He held residencies in two local venues on a Thursday, Friday and Sunday, playing everything Soul, Jazz, Reggae and Jazz funk. We carried his kit everywhere; often sitting on the speakers in the back of a transit van, clinging on for dear life so that we didn’t get squashed going around the bends on the Essex roads. It is now I realise how I discovered wider Black music, looking through those boxes of hundreds of sevens and making it an obsession, right there. It was also at that point I discovered real vinyl record shops, Crazybeat, Soul Brother and Adrian’s to name a few. I still visit the same ones because they all still exist. Like today, it can be an expensive hobby!

Through this period my passion grew, and I attended the Essex Club circuit. Then, soul nights would be held on separate nights and the whole atmosphere changed on these nights at clubs like Dukes, TOTS or Zero 6. By 1988, rare groove was fading, and that thing called “Acid House” was emerging; something else I had no passion for. I just found Rare Groove and Jazz funk took you away, as there was a feeling of togetherness and there were real dancers then. It was a dancer that became another influence of mine towards the late 80’s. My work colleague, Wayne Harper, lent me a cassette and I lent him one. I recognised him from the club circuit and we quickly realised that our music tastes matched. For me, Wayne was simply one of the best white dancers on the circuit and remains so to this day. Very much a Jazz dancer and was a regular at The Goldmine, The Hadleigh Suite, Southport, Hanningfield Windmill, Electric Ballroom, Lacy Lady and Caister. It was his invite to the last days of The Goldmine that cemented it for me.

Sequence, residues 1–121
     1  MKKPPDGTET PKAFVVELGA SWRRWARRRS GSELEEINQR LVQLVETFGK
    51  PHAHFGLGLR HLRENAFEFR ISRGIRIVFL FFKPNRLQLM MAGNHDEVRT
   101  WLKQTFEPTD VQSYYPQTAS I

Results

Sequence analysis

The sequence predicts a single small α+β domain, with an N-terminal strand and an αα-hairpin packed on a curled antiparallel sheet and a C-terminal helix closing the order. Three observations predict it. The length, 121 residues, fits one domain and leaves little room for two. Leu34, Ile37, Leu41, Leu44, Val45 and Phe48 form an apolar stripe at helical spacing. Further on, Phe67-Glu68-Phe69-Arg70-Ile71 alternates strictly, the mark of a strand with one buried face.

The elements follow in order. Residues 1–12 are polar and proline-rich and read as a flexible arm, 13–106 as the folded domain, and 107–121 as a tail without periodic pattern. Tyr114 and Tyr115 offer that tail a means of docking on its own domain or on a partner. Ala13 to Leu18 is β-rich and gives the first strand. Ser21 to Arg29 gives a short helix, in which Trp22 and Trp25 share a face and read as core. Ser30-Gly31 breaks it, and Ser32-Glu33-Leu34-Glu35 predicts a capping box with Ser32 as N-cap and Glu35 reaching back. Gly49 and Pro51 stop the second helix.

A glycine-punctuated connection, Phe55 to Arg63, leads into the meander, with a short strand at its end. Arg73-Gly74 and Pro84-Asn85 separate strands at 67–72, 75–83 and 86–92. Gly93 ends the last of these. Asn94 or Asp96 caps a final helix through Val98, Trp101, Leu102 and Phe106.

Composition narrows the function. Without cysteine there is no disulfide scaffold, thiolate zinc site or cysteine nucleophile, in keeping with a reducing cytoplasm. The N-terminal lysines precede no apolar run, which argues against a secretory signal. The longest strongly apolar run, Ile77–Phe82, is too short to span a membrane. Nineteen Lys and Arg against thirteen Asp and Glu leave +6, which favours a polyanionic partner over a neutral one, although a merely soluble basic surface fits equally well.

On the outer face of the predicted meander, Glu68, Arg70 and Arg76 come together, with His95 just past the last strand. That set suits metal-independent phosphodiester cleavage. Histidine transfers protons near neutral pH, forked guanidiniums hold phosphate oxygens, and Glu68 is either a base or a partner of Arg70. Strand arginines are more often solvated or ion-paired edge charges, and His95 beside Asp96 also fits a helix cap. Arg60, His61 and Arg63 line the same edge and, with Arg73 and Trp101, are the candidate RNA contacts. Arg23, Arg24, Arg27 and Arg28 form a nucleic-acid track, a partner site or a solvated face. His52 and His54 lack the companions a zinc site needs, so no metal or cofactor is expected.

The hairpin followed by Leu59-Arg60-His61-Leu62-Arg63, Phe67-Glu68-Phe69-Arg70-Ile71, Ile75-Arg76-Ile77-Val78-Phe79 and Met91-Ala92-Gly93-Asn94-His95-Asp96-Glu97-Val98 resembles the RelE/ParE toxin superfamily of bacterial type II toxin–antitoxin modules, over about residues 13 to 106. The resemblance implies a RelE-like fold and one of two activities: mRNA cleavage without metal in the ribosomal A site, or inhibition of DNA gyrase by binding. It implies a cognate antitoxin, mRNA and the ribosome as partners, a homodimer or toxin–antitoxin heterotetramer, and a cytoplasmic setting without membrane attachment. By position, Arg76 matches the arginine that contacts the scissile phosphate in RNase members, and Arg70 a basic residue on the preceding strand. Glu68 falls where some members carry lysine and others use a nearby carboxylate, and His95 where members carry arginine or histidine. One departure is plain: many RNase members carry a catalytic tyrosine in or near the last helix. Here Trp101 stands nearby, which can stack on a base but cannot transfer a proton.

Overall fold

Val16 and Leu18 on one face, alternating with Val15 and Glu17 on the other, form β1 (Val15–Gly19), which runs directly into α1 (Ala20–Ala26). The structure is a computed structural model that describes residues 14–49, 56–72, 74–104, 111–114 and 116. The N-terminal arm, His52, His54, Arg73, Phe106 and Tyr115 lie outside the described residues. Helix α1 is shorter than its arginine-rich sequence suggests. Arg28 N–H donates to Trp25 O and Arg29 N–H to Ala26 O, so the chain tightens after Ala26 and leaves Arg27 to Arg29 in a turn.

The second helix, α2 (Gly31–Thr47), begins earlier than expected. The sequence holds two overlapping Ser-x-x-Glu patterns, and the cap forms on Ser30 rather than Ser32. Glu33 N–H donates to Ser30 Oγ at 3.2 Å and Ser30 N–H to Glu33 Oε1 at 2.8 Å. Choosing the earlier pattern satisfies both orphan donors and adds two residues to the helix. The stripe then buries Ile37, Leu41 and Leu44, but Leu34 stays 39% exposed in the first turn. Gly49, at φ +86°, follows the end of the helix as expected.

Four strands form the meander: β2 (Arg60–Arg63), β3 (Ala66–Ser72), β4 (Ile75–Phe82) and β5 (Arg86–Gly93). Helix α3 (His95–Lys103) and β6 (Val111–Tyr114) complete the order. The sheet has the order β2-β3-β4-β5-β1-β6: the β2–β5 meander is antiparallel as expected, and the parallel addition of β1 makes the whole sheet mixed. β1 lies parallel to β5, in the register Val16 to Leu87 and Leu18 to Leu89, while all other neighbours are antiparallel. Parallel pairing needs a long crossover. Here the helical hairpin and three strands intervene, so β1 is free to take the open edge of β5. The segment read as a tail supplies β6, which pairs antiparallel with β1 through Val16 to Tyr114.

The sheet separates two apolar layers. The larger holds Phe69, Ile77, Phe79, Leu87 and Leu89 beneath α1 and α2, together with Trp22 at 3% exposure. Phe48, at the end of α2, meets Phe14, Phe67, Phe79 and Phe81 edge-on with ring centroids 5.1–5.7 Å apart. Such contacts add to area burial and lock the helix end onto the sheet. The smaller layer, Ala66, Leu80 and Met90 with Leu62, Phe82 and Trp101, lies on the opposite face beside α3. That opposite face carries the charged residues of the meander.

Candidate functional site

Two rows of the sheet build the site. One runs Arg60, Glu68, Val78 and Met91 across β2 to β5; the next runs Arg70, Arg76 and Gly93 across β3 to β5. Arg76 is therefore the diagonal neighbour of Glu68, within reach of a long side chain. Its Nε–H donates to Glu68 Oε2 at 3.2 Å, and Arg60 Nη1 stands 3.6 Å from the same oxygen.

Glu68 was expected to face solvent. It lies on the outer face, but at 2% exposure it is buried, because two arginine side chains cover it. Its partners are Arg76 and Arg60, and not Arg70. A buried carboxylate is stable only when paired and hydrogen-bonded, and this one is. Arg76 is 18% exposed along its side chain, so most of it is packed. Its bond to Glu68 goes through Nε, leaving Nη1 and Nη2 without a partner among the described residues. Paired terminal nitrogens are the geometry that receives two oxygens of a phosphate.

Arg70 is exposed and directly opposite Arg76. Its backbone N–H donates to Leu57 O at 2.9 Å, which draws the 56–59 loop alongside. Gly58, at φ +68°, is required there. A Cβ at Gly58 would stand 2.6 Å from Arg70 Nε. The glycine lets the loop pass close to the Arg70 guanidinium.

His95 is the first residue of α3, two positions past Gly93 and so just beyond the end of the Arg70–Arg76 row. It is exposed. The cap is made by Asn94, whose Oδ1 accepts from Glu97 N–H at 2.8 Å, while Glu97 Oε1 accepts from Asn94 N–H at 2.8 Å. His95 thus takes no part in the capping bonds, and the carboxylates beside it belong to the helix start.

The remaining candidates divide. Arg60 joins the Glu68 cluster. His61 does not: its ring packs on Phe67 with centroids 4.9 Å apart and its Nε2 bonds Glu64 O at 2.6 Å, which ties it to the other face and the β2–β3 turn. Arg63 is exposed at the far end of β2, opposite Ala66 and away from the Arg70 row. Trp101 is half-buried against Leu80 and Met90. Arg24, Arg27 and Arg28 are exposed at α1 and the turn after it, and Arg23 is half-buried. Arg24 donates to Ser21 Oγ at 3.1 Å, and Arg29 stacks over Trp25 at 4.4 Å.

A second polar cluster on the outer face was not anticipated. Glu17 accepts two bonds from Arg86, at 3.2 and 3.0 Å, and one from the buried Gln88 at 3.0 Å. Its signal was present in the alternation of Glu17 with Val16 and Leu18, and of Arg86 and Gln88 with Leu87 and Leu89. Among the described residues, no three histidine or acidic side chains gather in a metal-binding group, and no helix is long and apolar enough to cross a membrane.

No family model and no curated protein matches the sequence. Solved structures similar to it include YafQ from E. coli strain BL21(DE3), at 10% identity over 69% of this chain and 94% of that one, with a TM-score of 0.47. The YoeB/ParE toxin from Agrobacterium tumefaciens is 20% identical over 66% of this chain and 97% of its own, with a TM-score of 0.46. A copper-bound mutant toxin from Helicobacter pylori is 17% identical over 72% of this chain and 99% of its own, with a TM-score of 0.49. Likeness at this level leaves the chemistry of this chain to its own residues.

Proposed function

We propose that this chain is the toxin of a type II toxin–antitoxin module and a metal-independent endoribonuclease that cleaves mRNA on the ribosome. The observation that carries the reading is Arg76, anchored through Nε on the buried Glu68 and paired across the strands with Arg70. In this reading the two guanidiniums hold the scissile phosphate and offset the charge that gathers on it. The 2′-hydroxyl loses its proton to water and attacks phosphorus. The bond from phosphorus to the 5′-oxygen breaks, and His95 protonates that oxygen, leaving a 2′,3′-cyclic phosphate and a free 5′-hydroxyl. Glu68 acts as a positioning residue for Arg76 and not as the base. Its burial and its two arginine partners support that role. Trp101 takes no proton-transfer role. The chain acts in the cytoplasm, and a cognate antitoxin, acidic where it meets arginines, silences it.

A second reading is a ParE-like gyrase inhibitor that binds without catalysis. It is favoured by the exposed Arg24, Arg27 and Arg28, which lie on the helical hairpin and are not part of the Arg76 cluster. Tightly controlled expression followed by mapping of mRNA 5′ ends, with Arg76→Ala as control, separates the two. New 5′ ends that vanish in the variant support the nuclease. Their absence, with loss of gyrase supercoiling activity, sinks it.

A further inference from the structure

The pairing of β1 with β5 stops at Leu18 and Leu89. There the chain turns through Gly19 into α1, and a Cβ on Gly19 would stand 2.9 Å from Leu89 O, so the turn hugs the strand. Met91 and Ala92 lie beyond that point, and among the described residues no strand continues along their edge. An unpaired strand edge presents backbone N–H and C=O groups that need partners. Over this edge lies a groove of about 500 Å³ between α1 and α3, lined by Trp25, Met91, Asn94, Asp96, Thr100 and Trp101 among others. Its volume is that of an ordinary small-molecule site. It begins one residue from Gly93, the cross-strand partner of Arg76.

At that very point, I found Chris Hill, Gary Dennis, Snowboy, Tom Holland, Richard Searling Simon Dunsmore, Giles Peterson, Jez Nelson, Dr Bob Jones, Kevin Beadle, Grumpy Brown, Colin Curtis, Ian Levine, Frostie, Sylvester, Nick Hozier, Bob Masters, Patrick Forge, Paul Collins and the like. We also attended the Lacy Lady in Ilford, SAKS WineBar in Leigh on Sea, Hanningfield Windmill, Caister / Southport Soul Weekenders and the infamous Sunday Afternoon Jazz dance sessions at Dingwalls in Camden. Venues so packed where sweat literally ran from the walls, you changed your T-shirt three times and the music blew you away tune after tune after tune.

Although I continued my obsession and followed the scene, my odd pieces of DJing naturally slowed with marriage, work and having a family. I still spent time listening, learning and collecting the music. I had a joint mobile disco business with my lifelong friend Sean Ismay and he still attends Caister and other soulful events with me. Loud button-down collared shirt, Brogues, tall dancer in The V Lounge, that’s the one…! After occasionally DJing at private functions, I found I was being asked more and more to play the music I love.

In the last few years I started to attend Caister again with my better half Allison who, with my family, deserves a medal for putting up with my obsession and always supports me greatly in it all. At the same time, I began a morning Soul and Jazz show on my local hospital radio station purely as a volunteer and hobby. From there I answered a call for presenters for Dave Burton on Soulconnexion radio, the official Caister radio station. I was offered a daytime slot by Dave and appreciate the faith he had in me. I now present a weekly show on Soulconnexion Radio called THE SOUL & JAZZ JAR.